Today, Chipotle boasts more than 1,200 restaurant locations spread across 42 states and four countries. Food costs remain an ongoing challenge for volume-movers like Chipotle because while values for many assets deflate, food commodity costs have been rising for the last several years. That said, Chipotle’s skew towards higher-end, less commoditized ingredients should help diffuse its exposure relative to peers.
One of the most impressive parts of CMG’s growth story is how it’s been financed. To date, Chipotle has almost exclusively used cash from operations to finance its growth so far, maintaining an immaterial amount of debt on its balance sheet that’s more than offset by a $662 million cash and investment position. While shares are far from cheap right now, they don’t justify the short interest ratio of 11.8 that’s currently weighing them down.
Digital Realty Trust
All of the business tailwinds that make Equinix look attractive right now bode well for another big heavily-shorted name on our list: Digital Realty Trust (DLR). DLR is a real estate investment trust that owns around 100: mainly datacenters, internet gateways, and manufacturing facilities. In all, the firm owns more than 16.8 million square feet of leasable space.
While DLR is a less direct play on the cloud computing boom, high demand for datacenter capacity should continue to keep tenants bidding up rents for Digital Realty’s specialized properties. And because DLR is a REIT, it benefits from some huge advantages that more direct plays don’t have. The firm enters into long-term triple-net leases with tenants, an arrangement that takes most of the risks off of DLR’s balance sheet and puts the onus on tenants instead. Because there’s a meaningful amount of customization required for datacenter spaces, tenants also have big sunk costs and higher stickiness than most other commercial real estate renters do.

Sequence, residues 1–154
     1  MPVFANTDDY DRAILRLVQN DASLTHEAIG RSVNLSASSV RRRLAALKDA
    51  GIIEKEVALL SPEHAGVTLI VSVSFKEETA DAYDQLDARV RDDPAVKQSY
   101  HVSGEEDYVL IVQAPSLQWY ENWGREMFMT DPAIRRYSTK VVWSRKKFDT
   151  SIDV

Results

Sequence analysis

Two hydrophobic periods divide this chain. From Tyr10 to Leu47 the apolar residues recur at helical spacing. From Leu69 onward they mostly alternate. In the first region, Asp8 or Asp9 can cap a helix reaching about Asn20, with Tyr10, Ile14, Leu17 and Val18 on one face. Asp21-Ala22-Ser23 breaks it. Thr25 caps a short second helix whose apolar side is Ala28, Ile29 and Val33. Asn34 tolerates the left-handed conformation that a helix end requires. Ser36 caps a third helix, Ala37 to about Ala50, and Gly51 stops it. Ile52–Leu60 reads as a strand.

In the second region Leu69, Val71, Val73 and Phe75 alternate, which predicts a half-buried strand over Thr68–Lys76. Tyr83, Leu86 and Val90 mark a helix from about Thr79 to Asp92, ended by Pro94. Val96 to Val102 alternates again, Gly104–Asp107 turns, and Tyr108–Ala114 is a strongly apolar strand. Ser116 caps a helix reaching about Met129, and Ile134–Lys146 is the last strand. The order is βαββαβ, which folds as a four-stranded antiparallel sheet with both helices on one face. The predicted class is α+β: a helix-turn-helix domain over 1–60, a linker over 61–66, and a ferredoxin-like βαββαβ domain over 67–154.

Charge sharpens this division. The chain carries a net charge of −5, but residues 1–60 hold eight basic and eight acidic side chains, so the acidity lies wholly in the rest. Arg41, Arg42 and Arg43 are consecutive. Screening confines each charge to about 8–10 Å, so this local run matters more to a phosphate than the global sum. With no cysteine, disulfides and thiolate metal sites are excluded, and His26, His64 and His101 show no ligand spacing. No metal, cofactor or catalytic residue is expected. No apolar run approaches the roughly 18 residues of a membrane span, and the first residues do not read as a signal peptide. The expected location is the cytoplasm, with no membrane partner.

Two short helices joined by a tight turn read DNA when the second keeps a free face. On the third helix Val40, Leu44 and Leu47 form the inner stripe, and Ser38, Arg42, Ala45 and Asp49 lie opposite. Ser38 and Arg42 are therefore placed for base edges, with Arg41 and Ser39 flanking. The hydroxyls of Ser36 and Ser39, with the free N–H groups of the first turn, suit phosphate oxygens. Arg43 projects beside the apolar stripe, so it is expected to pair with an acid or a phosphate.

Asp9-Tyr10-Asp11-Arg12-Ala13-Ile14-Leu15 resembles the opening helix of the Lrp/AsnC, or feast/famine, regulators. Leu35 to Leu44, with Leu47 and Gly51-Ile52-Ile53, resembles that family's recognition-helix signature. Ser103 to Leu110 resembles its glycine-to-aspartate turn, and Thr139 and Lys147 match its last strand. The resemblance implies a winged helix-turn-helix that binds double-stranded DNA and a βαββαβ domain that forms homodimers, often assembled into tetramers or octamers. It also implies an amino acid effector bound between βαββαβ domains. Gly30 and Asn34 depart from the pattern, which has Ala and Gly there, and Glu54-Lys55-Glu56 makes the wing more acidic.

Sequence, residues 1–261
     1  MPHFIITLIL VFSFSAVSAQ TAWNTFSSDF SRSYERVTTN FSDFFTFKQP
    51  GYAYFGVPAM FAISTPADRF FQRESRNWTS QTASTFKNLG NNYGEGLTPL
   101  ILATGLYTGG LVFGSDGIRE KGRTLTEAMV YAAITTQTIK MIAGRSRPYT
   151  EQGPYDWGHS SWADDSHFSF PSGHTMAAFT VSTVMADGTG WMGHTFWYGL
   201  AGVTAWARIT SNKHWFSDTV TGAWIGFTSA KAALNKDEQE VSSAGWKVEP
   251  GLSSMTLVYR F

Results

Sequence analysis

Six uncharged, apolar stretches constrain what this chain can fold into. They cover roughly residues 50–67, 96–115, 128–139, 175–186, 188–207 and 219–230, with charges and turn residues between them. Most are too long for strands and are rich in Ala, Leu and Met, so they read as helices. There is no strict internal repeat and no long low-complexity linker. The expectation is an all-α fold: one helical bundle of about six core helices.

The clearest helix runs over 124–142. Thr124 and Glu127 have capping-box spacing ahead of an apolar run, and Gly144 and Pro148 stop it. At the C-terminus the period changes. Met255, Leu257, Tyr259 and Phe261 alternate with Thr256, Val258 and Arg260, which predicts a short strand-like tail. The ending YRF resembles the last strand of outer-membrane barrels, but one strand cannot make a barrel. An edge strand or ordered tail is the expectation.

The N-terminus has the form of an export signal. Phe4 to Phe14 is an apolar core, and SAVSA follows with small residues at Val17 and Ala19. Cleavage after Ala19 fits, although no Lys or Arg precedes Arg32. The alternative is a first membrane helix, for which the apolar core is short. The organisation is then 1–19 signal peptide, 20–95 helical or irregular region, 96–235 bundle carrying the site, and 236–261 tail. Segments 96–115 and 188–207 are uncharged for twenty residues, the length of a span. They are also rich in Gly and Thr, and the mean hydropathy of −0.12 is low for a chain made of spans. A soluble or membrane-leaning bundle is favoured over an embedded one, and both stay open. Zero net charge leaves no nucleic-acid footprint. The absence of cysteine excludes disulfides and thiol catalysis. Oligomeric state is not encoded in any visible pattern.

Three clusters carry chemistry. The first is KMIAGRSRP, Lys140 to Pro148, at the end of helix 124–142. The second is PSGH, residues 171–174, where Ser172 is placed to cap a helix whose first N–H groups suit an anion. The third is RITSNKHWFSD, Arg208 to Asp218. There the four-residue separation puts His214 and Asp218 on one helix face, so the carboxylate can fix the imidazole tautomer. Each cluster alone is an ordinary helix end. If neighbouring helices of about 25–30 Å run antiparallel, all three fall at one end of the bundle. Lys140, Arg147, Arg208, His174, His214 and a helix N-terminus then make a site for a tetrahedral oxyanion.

Finally, there’s the dividend. Because DLR’s REIT status means that the firm must pay out the vast majority of its income to investors as dividends, it sports a huge 4.4% yield. That bodes well for longs given the firm’s equally hefty short interest ratio of 13.4 – dividends, after all, are like kryptonite for short sellers.
To see these short squeezes in action, check out this week’s Short Squeezes portfolio on Stockpickr.
-- Written by Jonas Elmerraji in Baltimore.
At the time of publication, author had no positions in stocks mentioned.
Jonas Elmerraji, CMT, is a senior market analyst at Agora Financial in Baltimore and a contributor to TheStreet. Before that, he managed a portfolio of stocks for an investment advisory returned 15% in 2008. He has been featured in Forbes , Investor's Business Daily, and on CNBC.com. Jonas holds a degree in financial economics from UMBC and the Chartered Market Technician designation.